When you think of college students, most of us tend to imagine fresh faced kids straight out of high school, but there are many different kinds of students out there, not all of whom choose to go to college full-time. It can be incredibly expensive to get an education, which is why the number of part-time students is on the rise.
You also have parents, people looking to learn a new skill, and full-time employees look to advance their career all heading back to college, and all on a part-time basis. Even just going a few hours per week can cause a financial strain, so let’s look at some aid options for part-time students.
We should start this out by saying that in order to qualify as a part-time student, you need to be enrolled for at least 6 credit hours per semester. That is a pace that will need to be maintained in order to qualify for any sort of financial aid program.
If you are currently employed full-time and looking to go back to school, you may consider asking your company to help pay for your tuition. Of course, this is only something you should do if you plan on staying with that company, and are looking to learn something that will be of a benefit to them as you move forward. If that is not the case, then you will have to consider other options.
The vast majority of the financial aid handed out to students comes via the federal government. The programs offered by the government are pretty wide and varied, which means you can usually find a loan or grant that suits your specific situation.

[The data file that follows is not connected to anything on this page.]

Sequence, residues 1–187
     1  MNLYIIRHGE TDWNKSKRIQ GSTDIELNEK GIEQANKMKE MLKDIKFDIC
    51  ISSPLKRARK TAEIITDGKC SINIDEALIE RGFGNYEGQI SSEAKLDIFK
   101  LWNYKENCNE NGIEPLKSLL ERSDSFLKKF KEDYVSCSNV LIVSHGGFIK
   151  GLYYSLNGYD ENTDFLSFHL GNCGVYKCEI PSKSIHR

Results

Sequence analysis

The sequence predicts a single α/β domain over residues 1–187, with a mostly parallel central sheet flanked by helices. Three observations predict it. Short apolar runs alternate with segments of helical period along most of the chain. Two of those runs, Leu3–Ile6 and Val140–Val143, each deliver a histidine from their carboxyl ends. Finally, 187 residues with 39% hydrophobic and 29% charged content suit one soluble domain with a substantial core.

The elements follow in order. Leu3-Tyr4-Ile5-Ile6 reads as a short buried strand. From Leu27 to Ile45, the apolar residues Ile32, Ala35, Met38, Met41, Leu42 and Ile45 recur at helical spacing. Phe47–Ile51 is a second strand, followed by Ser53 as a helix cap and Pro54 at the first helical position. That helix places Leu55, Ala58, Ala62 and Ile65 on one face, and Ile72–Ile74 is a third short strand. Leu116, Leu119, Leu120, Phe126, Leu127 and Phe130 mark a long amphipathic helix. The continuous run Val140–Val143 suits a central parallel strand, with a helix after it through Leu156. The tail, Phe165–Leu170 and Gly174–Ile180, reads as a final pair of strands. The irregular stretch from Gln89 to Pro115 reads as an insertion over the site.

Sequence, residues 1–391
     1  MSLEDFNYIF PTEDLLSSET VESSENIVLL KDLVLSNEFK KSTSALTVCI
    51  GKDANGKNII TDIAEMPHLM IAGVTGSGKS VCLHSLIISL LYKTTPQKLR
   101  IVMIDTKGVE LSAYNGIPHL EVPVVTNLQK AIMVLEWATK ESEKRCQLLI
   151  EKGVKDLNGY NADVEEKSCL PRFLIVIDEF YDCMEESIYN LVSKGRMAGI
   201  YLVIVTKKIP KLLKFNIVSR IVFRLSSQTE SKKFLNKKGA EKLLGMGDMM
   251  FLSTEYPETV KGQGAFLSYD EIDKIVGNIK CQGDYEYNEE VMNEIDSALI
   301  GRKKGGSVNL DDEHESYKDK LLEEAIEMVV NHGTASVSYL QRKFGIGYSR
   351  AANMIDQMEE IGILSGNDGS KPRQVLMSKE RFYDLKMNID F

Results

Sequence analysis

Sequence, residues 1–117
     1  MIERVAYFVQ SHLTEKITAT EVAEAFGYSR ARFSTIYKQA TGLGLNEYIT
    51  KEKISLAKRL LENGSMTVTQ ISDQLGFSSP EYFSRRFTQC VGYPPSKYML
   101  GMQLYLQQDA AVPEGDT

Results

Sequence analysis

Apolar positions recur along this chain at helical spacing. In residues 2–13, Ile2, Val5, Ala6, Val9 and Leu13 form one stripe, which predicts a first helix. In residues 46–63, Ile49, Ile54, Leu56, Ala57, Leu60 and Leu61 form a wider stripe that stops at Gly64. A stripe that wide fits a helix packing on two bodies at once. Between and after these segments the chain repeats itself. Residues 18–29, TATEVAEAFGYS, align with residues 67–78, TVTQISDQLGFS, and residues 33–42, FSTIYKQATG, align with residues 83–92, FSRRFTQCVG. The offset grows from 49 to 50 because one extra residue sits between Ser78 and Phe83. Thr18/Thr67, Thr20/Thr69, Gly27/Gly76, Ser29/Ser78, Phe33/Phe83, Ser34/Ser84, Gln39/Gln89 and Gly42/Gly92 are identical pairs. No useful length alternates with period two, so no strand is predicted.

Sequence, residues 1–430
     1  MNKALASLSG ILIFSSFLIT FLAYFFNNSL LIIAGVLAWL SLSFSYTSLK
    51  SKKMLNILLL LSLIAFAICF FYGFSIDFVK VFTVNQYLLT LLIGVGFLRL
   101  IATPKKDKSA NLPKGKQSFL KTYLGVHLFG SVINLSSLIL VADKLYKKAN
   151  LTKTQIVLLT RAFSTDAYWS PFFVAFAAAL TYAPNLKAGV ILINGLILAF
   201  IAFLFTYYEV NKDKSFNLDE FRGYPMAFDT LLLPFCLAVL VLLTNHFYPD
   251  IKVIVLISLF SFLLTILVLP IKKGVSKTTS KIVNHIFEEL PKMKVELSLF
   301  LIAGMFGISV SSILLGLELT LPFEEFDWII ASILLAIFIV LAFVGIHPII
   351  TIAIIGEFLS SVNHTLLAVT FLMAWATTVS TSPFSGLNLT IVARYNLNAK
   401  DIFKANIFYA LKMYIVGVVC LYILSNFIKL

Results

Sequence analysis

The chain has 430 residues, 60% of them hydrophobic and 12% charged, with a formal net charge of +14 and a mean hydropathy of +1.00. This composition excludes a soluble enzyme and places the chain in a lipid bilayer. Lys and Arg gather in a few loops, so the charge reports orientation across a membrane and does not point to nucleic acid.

In most cases, federal student loan amounts are determined by how much you contribute towards the school tuition fees, as well as your level of need. For example, a single parent with a low annual income is more likely to receive aid than a married adult with a relatively high household income. The more money that you can receive through grants, the better, as that money does not need to be repaid.
Another route that you might take is to talk to the school that you are interested in attending. They all offer numerous scholarships and awards, not all of which are reserved for full-time students. Each application is dealt with on a case by case basis, so it really is worth taking the time to see which, if any, scholarships or award you might be eligible for.
If none of that works, then you may well have to go to your bank to seek out a private loan. The banks may be more inclined to work with you if you have a steady monthly income. People who work full-time and choose to go to college half-time may well be the best candidates for a student loan from the bank.
There are plenty of financial options out there, so be sure to exhaust them all so that the amount coming out of your pocket is as little as possible.